What does weather have to do with the practice of law? It is the term now used to identify web-based storage of a lawyer’s files and records instead of the usual paper files and firm server, backed up on local electronics. It is called Software as a Service (SaaS), or on-demand software. Technology as it has evolved is universally viewed as a requirement for modern lawyers. Clients expect it, but do not expect to pay for it. So, to avoid the high costs of servers, back-ups, installation, maintenance and support, some are turning to subscription services for a fixed fee (example, Dropbox and many others). Of course, the advantage is the management of a cost and then the accessibility of data at any time over a range of devices.
Wonderful: What could go wrong with that? If it can, it will and there have been a number of breaches individually of the lawyer, and the firms as well as the service providers. What then is a prudent lawyer or firm to do?
Like so many things in the law, this area is evolving and starting to gain traction. The ABA 2013 Legal Technology Survey Report looked at this in depth and noted a big jump in use (50% increase from 2012 to 2013) now amounting to about 30% of the respondents reporting its use. Individuals and small firms, along with the West Coast (used to tech businesses) and southern (result of Katrina) lawyers, were the biggest users. A Lexis Nexis study says 2014 is poised to be the year of the cloud in “small law”.
Recognizing our duties to clients to protect their data and confidential communications, “big law” is slower to come over to this so-called cloud storage. As a group, lawyers are slow to accept changes anyway. Bar groups have started to examine the ethics of cloud storage and at last count, 17 jurisdictions have all agreed that cloud computing is ethical. (See, e.g., New York City Bar Report December 2013). A trend is developing toward acceptance, it seems. I suspect we shall see more use there, and more gradual acceptance, particularly where clients want it for their use.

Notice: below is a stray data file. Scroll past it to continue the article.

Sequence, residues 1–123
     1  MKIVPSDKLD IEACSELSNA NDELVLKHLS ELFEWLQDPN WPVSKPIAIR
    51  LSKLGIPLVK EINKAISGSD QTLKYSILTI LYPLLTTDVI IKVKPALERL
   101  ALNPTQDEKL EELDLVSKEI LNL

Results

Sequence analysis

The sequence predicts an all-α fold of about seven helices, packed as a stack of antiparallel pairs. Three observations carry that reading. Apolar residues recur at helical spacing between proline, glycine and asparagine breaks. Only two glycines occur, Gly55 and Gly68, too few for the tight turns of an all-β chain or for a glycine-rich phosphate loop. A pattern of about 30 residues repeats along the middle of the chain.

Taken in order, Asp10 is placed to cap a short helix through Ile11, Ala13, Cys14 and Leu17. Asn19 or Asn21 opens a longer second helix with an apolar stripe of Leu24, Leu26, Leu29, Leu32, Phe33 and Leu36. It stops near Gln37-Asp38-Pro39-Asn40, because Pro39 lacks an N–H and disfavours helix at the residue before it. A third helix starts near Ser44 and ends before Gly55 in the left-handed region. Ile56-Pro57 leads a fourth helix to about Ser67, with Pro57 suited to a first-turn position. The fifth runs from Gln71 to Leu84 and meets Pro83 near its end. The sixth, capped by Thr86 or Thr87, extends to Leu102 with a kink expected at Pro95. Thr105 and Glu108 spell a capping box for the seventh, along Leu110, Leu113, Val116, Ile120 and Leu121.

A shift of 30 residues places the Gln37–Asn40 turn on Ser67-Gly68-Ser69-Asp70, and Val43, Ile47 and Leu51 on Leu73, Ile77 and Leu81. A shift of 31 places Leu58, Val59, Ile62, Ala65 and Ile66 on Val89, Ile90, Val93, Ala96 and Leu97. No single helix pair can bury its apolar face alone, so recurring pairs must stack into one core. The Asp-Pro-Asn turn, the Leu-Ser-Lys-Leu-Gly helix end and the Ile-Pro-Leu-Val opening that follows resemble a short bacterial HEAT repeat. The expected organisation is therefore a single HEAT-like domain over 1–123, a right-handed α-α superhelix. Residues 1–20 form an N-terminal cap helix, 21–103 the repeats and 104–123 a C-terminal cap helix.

Bear in mind that the professional rules still apply. The holdings stress all the same duties as before and therefore put the lawyer in a real due diligence situation before using. Lawyers’ actions with regard to safekeeping fall into the reasonable conduct standard, and not strict liability or as a guarantor of confidentiality.
The lawyer or firm needs to be able to document each step they took to select a provider and to produce it all later to show they acted reasonably. The vendor’s reputation will matter, their track record, their service agreement, their coverage (cyber insurance) and yours. You will really need to review their written terms and make sure they have the same duties you have. Cyber insurance issues, if you have acquired such coverage, need to be reviewed and compared so there are no gaps.
Sure there will be risks to balance against any convenience, affordability, or increased production. While most lawyers do not want to be out on the “bleeding edge” of new things, this may quickly evolve into an accepted method for law firms to store data. There was always an old school risk of server damage and physical loss to your files, so any cloud based use will be a balancing of that new risk as more Bars approve the process. At one point we were told not to use cell technology for client issues. Like that example, technology evolves and lawyers have to adapt to meet needs of clients and their expectations.
See, Amicus Attorney, Answers to the Top Five Questions Law Firms Have About Cloud Practice Management Systems by Seth Rowland posted February 19, 2014.